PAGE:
The House of David

"dawnbreak in the west"

Sunday, July 10, 2011

The Dunning School offers no class in Louisiana


Loewen notes this (1950) memorial in Colfax: On this site occurred the Colfax Riot in which three white men and 150 negros were slain. This event on April 13, 1873 marked the end of carpetbag misrule in the South. This memorial is, of course, propaganda against Reconstruction, and misleading at that. It is a deliberate lie.

Loewen wrote a whole book on such outbreaks of propaganda: Lies Across America. It's a sequel to Lies My Teacher Told Me. Both of them object to non-Left narratives of American history. Sometimes, as in the Mountain Meadows incident, he has a point. Overall, at least in Lies Across America, by pointing out every point where the Right has laid out its case poorly, the author leaves the reader to conclude "on his own" that the Right has no argument.

In researching this counter-argument on the Right's behalf, I can thank Moldbug's blog, and (lately) Jarvis's bibliography. The latter includes, in order: Mississippi, Alabama, Texas (yay!), Florida, North Carolina, Georgia, and - in an afterthought - Arkansas. Jarvis omits South Carolina and Louisiana.

For my purpose, Reconstruction matters most where the most blacks were. Jarvis also omits Tennessee and (the non-Western remnant of) Virginia. Both are Border South. If the Dunning School could defend counter-Reconstruction in Texas, then it could even more easily defend it in Tennessee and Virginia. I assume that such books are out there. I don't care enough to read them. Blacks were an actual force in Louisiana, and in South Carolina; their history in these states is something to care about.

Louisiana's omission from Jarvis's bibliography is definitely worth caring about. Gulf Coast Quebec is the Redemption-State in Reconstruction hagiography... and that's not a good thing. It's the state of the Coushatta and Colfax massacres, and of several New Orleans race-riots. Of the most atrocious of the Klan actions listed in the "Texan" narratives - those which Agatha Babino reports, for instance - most were committed in Louisiana. Ellen Betts, like Babino from Opelousas, stuck up for Louisiana; but even she knew of her home state's notoriety and that her position was contrarian. Louisiana is the state where freedom died. My foil here, Loewen, could retort against my project here that any Dunning School book on Texas is skirting the border of the issue, that issue being the Red River and Gulf Coast traffic - that is, Louisiana.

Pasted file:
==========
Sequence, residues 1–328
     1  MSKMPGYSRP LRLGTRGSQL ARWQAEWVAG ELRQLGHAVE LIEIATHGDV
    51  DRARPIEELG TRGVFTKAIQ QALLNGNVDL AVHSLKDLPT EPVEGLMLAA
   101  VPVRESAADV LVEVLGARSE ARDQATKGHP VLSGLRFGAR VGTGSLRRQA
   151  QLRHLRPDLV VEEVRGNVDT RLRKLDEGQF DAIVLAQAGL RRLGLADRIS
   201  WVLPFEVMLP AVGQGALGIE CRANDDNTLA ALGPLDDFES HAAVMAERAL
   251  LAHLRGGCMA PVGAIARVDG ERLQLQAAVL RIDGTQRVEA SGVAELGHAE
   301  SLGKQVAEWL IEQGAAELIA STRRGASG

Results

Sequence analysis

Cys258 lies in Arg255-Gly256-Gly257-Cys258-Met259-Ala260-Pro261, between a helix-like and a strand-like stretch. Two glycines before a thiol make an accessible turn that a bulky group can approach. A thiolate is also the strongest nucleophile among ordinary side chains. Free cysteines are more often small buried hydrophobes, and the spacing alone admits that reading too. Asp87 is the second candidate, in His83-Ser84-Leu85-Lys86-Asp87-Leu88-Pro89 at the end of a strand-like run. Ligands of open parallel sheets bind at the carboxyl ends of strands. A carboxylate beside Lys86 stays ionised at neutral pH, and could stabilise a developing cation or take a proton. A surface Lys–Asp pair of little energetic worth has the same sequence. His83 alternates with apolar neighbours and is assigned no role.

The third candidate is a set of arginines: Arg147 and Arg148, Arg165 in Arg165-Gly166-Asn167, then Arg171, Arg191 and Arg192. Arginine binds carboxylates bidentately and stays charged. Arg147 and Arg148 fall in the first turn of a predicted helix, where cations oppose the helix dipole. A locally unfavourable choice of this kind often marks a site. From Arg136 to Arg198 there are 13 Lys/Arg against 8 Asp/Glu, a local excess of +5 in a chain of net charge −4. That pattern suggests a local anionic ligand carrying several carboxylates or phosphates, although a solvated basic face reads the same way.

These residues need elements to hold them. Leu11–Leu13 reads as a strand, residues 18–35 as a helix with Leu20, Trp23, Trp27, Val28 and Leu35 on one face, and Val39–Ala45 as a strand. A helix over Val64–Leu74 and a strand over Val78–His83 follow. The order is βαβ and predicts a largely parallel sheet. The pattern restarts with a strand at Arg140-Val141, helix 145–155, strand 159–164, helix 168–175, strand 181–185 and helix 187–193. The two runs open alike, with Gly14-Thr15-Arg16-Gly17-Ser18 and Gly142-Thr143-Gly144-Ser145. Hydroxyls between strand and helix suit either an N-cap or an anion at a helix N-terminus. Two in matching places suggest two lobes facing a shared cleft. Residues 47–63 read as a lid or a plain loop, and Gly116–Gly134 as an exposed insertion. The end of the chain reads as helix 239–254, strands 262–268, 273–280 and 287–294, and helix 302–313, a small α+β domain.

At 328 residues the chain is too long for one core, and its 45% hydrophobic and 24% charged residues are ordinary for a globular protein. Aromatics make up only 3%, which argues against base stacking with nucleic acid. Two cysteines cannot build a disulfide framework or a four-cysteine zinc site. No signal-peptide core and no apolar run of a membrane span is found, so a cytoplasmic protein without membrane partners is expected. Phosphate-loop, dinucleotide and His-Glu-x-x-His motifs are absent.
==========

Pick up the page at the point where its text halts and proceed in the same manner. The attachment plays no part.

One can make - I have made - an argument that in Texas, Reconstruction was doomed. Supporters of Reconstruction (like Loewen) argue that in Louisiana, the experiment was not doomed. Loewen asserts that Colfax (for one) happened because contemporary racists worried that Reconstruction might actually "work" - that is, create a black-run state which could survive without Federal intervention.

First, we'll dispense with the bullshit. Loewen opines that Reconstruction "misrule" in Louisiana was less of a misrule than was the corrupt government of the Redeemers after it. This is arguable. But there's no point in arguing it here; because the Redeemers didn't know, at the time, that they were installing a corrupt government. Nordhoff documented in 1875 sufficiently, the misrule of Reconstruction in its final days. In addition, other Southern states - notably Texas and Georgia - managed to reform their governments such that business and commerce could survive with a minimum of bribery. That Louisiana failed to curb its corruption is not the fault of Redemption; it's the fault of Louisiana's Redeemers. Loewen has employed a tu-quoque tactic of misdirection. Loewen means by this tactic to cut our sympathy for the white cause and to support the black cause.

Having done with that, here's an argument for a pro-Reconstruction author with more ethics than has Loewen. Louisiana, along the coast and lower Mississippi anyway, had a population of free blacks, and a history of free blacks, dating back to the French. As a result Louisiana's elite blacks came from more walks of life. Terms like "black middle class" and even "upper class" meant something in Louisiana, beyond state patronage. By this argument, Black Louisiana would have managed along like the South African "cape coloureds" have managed along in the 1990s and 2000s, or as Belize and Jamaica have managed along. I am prepared to concede that argument over the short term.

So to roll back Reconstruction in Louisiana may well have required a reign of terror, including events like Colfax. To argue for that, the Right must argue that Redemption created a delicious Southern omelette from its broken Creole heads I mean, eggs. The Right would have to argue the long-term contrafactuals.

The Right (excepting maybe Moldbug - and even then, only in Georgia) seems currently not sure enough in its convictions to state that case explicitly. Hence, the Right lies, at Colfax; and omits, in Jarvis's list.


posted by Zimri on 10:23 | link | 0 comments

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